I’ve lived most of my life in LA, except for 12 years in the SF Bay area, 2 years in NY, 2 years in Washington, D.C., and 1 year in Jerusalem.

On the plane home from Israel last week while reading Angell’s book, I made my own list of sightings that have provoked in me the “Wow!” factor. Here are the most notables:

Charlton Heston (spoke at a funeral I conducted – he was like God talking);

Frank Sinatra (yelled at my kids at his beach home after they woke him up one morning – great singer – nasty that morning!);

Lauren Bacall (at a funeral I conducted – she had disarmingly beautiful and piercing eyes, and as we passed each other it was as if she looked deeply into my soul – I was flattered);

Jimmy Stuart (he was very old and still very tall);

George Burns (old – at Hillcrest playing cards with a cigar in his mouth);

Nancy and Ronald Reagan (a year after leaving office I stood next to them as I delivered an invocation at a Hebrew University Scopus Awards dinner honoring Merv Griffin – Trump was there too, and I felt no awe for him then or now!);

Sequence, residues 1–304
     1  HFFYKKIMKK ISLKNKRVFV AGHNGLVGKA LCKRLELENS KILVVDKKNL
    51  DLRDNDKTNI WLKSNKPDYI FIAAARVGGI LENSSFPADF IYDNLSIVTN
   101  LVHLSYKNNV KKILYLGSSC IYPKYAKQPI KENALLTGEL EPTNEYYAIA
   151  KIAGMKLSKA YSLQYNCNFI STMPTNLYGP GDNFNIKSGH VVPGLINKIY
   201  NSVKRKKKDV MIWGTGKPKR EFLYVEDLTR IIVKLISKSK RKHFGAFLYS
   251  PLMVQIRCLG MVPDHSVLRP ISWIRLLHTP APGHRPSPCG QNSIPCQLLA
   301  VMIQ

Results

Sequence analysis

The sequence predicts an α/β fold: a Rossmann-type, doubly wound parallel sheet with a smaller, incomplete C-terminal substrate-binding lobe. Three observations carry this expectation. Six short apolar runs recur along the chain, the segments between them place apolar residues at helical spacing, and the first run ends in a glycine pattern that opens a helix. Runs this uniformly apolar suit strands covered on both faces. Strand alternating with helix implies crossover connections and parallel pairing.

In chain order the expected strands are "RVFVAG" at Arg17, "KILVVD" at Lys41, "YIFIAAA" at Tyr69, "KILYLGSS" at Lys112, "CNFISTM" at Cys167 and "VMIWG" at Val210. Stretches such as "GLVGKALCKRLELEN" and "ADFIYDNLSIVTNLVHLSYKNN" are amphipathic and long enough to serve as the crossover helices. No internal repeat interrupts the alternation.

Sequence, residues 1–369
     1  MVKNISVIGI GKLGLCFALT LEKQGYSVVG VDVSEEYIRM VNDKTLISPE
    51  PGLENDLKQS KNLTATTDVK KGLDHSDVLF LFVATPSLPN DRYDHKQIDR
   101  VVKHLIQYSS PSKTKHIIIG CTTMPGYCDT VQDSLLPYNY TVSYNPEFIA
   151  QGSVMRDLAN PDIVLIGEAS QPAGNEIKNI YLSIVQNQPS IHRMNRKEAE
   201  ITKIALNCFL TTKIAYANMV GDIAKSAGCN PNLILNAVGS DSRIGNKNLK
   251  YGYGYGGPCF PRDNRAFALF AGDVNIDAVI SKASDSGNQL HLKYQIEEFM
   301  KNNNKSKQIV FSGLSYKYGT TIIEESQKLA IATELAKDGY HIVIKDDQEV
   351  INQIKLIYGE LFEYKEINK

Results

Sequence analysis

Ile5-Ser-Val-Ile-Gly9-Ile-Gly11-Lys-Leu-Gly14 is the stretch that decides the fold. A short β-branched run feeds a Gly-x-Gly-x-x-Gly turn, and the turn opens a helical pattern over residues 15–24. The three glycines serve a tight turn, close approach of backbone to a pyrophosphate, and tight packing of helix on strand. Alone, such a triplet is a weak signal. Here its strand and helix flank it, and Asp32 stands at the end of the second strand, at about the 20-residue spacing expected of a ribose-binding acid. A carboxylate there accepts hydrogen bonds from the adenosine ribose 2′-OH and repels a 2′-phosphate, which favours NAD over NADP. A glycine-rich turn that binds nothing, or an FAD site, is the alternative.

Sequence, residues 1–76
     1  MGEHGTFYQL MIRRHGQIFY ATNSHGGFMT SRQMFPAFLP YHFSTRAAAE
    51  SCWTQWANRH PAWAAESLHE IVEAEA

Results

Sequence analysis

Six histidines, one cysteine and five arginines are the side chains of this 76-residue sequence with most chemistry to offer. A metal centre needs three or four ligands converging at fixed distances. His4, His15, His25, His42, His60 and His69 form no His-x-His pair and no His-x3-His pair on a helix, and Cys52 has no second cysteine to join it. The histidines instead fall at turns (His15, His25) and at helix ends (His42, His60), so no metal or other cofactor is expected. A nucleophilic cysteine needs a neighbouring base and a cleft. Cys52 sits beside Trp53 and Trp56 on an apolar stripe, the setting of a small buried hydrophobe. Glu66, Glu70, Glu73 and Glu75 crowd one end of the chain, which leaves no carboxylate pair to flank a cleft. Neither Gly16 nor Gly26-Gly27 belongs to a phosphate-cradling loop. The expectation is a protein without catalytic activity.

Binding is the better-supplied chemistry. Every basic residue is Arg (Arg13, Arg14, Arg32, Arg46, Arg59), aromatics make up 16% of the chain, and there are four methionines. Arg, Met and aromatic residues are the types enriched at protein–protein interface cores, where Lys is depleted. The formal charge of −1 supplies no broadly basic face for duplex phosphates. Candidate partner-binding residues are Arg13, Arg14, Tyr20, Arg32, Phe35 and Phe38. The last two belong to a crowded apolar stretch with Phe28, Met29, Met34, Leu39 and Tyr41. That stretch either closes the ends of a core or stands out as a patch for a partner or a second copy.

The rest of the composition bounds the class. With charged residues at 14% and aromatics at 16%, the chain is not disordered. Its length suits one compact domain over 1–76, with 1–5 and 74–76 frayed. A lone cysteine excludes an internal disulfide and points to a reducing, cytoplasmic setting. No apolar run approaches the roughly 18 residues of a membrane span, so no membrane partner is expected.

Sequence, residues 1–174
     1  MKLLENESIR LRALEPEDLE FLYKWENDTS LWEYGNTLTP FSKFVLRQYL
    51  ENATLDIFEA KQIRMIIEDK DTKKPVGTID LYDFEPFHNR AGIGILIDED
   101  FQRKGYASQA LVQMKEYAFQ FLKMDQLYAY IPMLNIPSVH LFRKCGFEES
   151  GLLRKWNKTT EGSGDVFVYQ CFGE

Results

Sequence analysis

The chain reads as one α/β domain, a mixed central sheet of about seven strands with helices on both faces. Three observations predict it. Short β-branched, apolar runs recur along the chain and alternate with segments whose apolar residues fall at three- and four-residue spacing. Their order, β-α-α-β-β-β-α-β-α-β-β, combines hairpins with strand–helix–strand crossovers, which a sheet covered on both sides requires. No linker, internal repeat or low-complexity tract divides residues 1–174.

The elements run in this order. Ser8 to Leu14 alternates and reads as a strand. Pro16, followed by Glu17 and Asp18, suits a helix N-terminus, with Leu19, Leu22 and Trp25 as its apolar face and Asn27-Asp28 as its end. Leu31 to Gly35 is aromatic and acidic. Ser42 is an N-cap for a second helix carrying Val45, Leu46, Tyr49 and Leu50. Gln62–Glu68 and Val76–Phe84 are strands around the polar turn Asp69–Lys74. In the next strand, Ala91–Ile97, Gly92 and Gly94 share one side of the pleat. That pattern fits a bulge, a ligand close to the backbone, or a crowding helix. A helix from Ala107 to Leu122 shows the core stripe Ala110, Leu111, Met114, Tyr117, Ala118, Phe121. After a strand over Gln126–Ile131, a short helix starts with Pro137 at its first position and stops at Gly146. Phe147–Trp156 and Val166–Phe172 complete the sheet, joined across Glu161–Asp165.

Lucille Ball (as a kid with my Little League baseball team we were at a rodeo at the LA Coliseum. I was packed into a hollowed out VW bug with 20 other kids, a goat, a clown, and Lucy. We came out one at a time and extended half way around the track);

Gregory Peck (I introduced my wife to him at that same Scopus Award night – he is her dream man! No – I didn’t know him – but he was gracious and a gentleman);

Mel Wasserman (at a funeral – I overheard him telling Charleton Heston that life was short – they are both gone now);

Chick Hearn (sat next to us in a restaurant – thrilling! We told him how much we loved him – he was a mensch);

Vin Scully (he attended a funeral of a mutual friend – beyond thrilling! We exchanged letters. I framed his to me!);

Joe DiMaggio (saw him driving in SF – I was floored);